Wednesday, 5 March 2014

Change can be Scary... But AWESOME

I enjoy reading about people who overcome adversity to make a success with whatever hand life or circumstances throw at them. Especially with people who do this in an ethical manner or who take others with them, opposed to people and organisations with dog-eat-dog cultures, who trample over the top of one another to get ahead. I wrote a post recently about Shackleton's leadership and one of my favourite quotes is from the explorer;

"Shackleton once summed up for a friend how he viewed life and leadership. “Some people say it is wrong to regard life as a game; I don't think so, life to me means the greatest of all games. The danger lies in treating it as a trivial game, a game to be taken lightly, and a game in which the rules don't matter much. The rules matter a great deal. The game has to be played fairly, or it is no game at all. And even to win the game is not the chief end. The chief end is to win it honourably and splendidly. To this chief end several things are necessary. Loyalty is one. Discipline is another. Unselfishness is another. Courage is another. Optimism is another. And chivalry is another.”

I highlight any good examples of leadership like this that I find to my kids, for example when we read "Yertle the Turtle" we introduced them to Rosa Parks and the Civil Rights movement. We also encourage our kids to believe that they can be AWESOME and to "find their place in the world" and make sure that they "do what they love, and love what they do." So the Lego Movie was a big hit with the oldies, as well as the youngsters in our house.

When the Lego Movie was released BBC2's "Culture Show" had a program called "Lego: The Building Blocks of Architecture." 
This program gave a brief history of Lego and Ole Kirk Christiansen, the founder's background, whose career was marked by change as a result of adverse market conditions. Kirk Christiansen started out as a carpenter who built barns for Farmers but;
  • As the Great Depression hit in 1930s, people couldn't afford the cost of his barns, so he turned to making wooden toys for the farmers children
  • When war broke out resources became scarce and wood was needed for fuel etc, so Ole started to experiment with this new fangled "plastic" material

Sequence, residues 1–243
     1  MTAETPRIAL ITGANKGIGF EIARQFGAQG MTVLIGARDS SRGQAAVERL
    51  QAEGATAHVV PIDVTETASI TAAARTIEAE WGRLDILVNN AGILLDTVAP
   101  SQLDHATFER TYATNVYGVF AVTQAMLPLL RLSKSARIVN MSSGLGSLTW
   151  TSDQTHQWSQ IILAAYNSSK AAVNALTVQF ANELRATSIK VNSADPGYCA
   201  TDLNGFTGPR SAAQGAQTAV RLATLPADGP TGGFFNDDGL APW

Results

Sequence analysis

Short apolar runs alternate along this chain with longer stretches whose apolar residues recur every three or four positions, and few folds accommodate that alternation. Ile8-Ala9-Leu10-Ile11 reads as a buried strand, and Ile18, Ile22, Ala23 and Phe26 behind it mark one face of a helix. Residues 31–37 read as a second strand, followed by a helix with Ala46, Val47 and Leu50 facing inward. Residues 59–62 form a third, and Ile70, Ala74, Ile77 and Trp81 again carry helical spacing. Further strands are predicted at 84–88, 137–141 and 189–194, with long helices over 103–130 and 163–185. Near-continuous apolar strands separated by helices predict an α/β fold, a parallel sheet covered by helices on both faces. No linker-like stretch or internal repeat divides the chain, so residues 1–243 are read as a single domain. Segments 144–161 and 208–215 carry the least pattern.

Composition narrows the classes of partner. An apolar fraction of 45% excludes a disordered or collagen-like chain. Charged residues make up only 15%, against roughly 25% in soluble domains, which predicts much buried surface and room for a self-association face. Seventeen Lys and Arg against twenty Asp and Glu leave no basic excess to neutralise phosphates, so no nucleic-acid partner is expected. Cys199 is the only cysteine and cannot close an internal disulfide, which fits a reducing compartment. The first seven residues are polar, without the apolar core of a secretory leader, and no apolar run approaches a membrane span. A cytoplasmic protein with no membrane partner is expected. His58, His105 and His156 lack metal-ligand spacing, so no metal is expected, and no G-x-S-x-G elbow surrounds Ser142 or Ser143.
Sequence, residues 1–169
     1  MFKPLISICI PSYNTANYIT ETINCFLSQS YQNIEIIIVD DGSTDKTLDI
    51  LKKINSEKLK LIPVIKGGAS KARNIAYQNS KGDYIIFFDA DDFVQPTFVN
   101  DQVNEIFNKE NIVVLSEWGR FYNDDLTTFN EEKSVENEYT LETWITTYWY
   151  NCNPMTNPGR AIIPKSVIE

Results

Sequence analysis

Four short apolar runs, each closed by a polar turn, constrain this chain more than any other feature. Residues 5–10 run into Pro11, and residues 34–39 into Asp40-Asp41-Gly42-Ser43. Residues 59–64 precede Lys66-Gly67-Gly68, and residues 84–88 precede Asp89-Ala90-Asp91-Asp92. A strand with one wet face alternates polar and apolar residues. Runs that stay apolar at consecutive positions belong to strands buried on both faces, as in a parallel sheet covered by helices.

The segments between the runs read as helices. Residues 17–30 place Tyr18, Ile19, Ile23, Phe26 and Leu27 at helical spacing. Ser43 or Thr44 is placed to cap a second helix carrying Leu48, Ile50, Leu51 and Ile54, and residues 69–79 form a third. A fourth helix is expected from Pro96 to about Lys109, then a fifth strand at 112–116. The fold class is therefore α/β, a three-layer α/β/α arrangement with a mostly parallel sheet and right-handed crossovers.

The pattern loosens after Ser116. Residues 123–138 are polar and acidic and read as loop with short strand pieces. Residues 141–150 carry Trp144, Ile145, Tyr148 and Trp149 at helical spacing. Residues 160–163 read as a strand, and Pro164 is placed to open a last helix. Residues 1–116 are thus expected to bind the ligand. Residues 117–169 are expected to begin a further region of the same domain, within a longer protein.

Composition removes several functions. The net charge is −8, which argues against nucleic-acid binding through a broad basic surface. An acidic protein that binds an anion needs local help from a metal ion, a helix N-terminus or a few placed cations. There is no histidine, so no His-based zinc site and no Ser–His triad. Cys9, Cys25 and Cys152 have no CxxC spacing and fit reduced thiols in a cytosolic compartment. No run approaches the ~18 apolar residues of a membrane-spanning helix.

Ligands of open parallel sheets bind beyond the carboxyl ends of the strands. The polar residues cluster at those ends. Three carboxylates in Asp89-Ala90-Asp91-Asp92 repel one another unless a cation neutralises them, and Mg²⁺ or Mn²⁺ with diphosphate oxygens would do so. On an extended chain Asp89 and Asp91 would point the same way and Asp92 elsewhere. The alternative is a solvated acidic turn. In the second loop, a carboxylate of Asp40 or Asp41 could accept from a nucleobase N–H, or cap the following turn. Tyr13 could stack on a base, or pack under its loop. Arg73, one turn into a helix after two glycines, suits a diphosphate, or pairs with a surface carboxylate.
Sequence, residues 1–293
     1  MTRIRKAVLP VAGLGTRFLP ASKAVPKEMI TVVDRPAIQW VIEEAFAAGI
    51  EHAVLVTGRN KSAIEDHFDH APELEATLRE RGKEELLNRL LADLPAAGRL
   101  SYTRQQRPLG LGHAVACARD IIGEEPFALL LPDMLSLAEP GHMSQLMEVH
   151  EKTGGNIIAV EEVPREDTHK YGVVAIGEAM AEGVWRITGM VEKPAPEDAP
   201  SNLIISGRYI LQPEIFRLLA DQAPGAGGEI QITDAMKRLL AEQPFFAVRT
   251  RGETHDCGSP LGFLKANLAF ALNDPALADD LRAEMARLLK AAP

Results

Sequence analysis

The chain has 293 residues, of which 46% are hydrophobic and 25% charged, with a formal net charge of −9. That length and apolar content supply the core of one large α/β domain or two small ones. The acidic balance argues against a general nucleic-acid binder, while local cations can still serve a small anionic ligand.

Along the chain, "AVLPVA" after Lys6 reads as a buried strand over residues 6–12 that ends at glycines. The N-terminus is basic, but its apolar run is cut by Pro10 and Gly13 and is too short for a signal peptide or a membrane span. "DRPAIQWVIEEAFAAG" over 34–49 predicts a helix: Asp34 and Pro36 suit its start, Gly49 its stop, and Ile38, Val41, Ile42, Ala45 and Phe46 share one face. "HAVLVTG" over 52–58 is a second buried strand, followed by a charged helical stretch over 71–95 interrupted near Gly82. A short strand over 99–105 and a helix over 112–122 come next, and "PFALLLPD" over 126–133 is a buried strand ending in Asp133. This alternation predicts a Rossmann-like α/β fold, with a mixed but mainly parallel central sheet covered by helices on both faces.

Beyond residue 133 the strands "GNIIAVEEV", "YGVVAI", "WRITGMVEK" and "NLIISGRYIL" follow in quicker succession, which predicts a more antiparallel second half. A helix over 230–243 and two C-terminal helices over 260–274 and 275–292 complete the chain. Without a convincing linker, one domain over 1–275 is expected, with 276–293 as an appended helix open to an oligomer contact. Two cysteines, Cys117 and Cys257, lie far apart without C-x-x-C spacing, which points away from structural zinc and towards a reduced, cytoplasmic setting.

Thus Lego was a result of necessity. Necessity...You know that thing that George Farquar called "The Mother of Invention"

As the discussion of the "Further Education Learning & Technology Action Group" (FELTAG) recommendations take place across FE, there may be some pro-IT people and early adopters thinking "Finally, some progress" while skeptics may be thinking "In the grand scheme of things IT has hardly improved teaching and learning."

There were no lego mini-figures when I was young, we had to make chunky people out of your "6-er & 4-er" blocks... Today not only are there almost as many mini figures as humans, but there is an entire smash hit movie about them.

And what's the plot of this movie? It's about someone whose trying to maintain order in a sea of change... But trying to maintain the status quo at what cost?

Things don't remain fixed, three years ago I had no time for social media, but was informed that this viewpoint was hampering my career prospects "It's part of the job now" one major EdTech supplier informed me... something that I really didn't want to hear at the time! I also didn't like the fact that my skillset, which I had spent 10 years developing, were becoming obsolete "Great" I remember thinking "Just as I'm getting the experience I need, the market shifts to make these skills all but obsolete."

I know teaching changing to include online components might seem as chaotic as how cloud cuckoo land looks to Lord Business... But it can also facilitate more creativity.

As the Culture Show highlights a former barn builders invention is inspiring young architects and engineers, coders, graphic designers (with Lego Creator) and coders (Mind Storm) as well as playing a role in encouraging girls to get into STEM. Indeed its helping educators so much that #edtechchat had a whole session dedicated to Lego in education.

I'm not sure how many people who started out a carpenters went on to make toys that would go on to inspire creativity in our young people in the way that Lego has... But I'm sure am glad that changes in the market led Christiansen to innovate because of these changes.

While I am not an educator, there have been significant changes in my role, and if I had remained stuck in the past it might have been the career equivalent of having Kragle poured all over Emit. Was as scared as Lord Business of the change? Sure I was. But, like Lord Business I got used to the idea.

I wonder if the FELTAG agenda will turn any educators who are used to sticking with the Ofsted lesson plan into master builders? 

Good luck with your journey to cloud cuckoo land...

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